We, humans, are products of evolution. We are hardwired to do only things helping us survive as a species. And future thinking was not on that list because it was not necessary. People were born, lived, and died in the same scenery, and the skill of looking into the future more than six months ahead was useless. Hence, it makes strategic thinking exceptionally hard. It requires a conscious cognitive effort. Scientists call this "Present Bias." For example, if you choose between eating a piece of sweet cake and jogging, and it's hard to make the right choice, you are under pressure from the "present bias". Your contradictional feelings result from the conflict between getting immediate pleasure (by eating the cake) and suffering from negative consequences somewhere in the future. But this is not you who will be in pain tomorrow – your "future self" will, that is, a barely familiar stranger. That's why it's so difficult for us, humans, to resist some temptations. Some other phenomena, such as bad habits or procrastination, can also be explained by "present bias" because we tend to underestimate the negative consequence of what we are doing right now.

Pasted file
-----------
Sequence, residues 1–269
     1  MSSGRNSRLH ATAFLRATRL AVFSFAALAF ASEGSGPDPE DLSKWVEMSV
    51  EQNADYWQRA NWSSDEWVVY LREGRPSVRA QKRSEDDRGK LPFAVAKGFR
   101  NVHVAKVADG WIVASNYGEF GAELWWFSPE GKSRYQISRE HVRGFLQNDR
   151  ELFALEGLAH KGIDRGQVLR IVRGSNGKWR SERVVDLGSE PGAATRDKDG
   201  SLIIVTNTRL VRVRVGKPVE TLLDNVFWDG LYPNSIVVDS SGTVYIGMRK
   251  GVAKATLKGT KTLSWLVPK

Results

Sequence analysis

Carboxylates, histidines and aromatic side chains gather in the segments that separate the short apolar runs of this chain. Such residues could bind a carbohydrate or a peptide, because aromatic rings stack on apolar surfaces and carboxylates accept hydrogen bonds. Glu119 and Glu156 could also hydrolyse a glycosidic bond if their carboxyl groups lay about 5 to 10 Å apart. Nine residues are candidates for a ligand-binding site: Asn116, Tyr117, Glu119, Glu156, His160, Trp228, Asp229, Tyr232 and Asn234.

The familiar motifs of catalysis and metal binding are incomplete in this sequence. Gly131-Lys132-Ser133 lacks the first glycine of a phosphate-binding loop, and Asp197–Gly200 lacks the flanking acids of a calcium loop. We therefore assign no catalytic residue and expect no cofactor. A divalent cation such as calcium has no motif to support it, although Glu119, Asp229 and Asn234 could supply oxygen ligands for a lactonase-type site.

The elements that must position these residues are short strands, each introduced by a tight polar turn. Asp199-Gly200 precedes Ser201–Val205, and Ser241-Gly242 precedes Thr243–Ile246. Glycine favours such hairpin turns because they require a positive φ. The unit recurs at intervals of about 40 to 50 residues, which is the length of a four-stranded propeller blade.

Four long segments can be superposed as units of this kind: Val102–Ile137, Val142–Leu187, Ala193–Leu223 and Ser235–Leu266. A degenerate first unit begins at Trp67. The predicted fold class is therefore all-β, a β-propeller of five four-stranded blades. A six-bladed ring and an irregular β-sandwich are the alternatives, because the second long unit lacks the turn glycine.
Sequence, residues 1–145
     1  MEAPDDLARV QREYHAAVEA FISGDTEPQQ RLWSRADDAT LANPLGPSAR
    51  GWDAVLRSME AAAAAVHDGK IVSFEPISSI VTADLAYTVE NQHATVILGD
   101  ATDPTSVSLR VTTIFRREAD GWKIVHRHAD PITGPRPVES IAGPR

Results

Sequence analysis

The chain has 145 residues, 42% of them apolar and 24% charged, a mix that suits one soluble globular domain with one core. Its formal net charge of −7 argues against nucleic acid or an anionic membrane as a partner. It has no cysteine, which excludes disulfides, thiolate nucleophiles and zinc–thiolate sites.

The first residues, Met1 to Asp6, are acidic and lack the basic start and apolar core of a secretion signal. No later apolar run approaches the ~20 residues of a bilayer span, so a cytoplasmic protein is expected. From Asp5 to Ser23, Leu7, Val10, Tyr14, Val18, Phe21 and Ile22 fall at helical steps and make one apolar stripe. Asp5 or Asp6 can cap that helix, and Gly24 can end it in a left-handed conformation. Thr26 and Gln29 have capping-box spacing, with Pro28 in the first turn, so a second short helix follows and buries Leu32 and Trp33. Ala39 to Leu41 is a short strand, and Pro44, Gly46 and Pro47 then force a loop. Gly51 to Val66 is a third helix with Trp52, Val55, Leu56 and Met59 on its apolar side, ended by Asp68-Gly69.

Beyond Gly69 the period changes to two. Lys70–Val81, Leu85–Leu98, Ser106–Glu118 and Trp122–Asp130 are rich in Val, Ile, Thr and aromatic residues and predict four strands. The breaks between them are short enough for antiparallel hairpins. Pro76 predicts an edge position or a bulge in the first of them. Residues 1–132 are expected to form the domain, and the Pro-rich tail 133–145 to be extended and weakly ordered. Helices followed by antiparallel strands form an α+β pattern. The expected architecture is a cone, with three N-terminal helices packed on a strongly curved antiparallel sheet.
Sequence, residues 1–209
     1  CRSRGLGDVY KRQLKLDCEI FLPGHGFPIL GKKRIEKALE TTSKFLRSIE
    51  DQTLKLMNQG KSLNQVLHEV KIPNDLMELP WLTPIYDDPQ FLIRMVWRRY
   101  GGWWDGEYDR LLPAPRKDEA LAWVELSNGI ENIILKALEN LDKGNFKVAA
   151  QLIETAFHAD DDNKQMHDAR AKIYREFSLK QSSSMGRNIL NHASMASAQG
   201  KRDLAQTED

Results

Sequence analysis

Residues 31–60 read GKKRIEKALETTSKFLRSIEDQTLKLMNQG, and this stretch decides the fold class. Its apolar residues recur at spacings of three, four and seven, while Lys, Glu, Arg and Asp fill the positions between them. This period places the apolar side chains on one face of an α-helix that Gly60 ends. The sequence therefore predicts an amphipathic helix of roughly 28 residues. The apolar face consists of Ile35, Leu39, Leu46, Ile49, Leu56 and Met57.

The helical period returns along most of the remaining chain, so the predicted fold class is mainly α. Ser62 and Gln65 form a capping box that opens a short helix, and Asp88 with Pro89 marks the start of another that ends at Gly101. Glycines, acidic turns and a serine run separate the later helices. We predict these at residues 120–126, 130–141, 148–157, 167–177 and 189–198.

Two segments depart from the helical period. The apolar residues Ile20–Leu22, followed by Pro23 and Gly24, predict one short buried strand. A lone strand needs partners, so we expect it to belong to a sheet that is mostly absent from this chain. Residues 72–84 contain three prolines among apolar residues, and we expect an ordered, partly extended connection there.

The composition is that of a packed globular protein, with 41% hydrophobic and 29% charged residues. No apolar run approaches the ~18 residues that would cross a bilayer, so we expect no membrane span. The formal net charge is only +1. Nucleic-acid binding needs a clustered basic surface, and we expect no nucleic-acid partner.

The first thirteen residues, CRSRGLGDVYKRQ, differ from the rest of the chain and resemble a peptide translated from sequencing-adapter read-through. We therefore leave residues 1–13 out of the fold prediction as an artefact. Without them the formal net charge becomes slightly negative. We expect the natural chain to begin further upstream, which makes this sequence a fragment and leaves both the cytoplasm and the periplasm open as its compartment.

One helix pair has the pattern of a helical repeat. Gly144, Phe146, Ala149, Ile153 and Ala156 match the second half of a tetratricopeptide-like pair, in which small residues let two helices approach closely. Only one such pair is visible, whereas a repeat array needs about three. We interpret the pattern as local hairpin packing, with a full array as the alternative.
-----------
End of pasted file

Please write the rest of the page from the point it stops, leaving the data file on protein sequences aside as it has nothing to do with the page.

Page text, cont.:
Furthermore, future thinking can be scary. The future is unknown, but evolution taught us to be afraid of uncertainty. Too afraid, I would say, observing the groups in my forecast workshops. When we discuss possible future scenarios, they are always scary and gloomy. Humankind will destroy the planet and itself. People will be enslaved by robots or AI. Democracy will be replaced by dictatorship, and so on. It is easier for us to believe in dismal scenarios than in optimistic ones.
It isn't comfortable for us to visualize the world of tomorrow where our skills and knowledge are redundant or obsolete. In the foresight workshops, I often observe how the participants try to avoid discussions on some future scenarios due to possible personal risks for them. They try to convince themselves and others that those versions of the future are "unrealistic" on the sole ground that they look too harsh for them. Similarly, the strategic workshop attendees sometimes try to hide behind a cozy illusion of safety, asserting that their particular market won't change significantly in the future. They proclaim that it is not ready for digitalization and its market niche is not interesting for big enterprises. It is an example of blissful mental myopia.
Thinking about the future (and, consequently, about strategy) requires deliberate cognitive effort. We need to overcome our natural inability to look into the future. The good news is that this is a learnable skill. Would it be interesting for you? Find out more here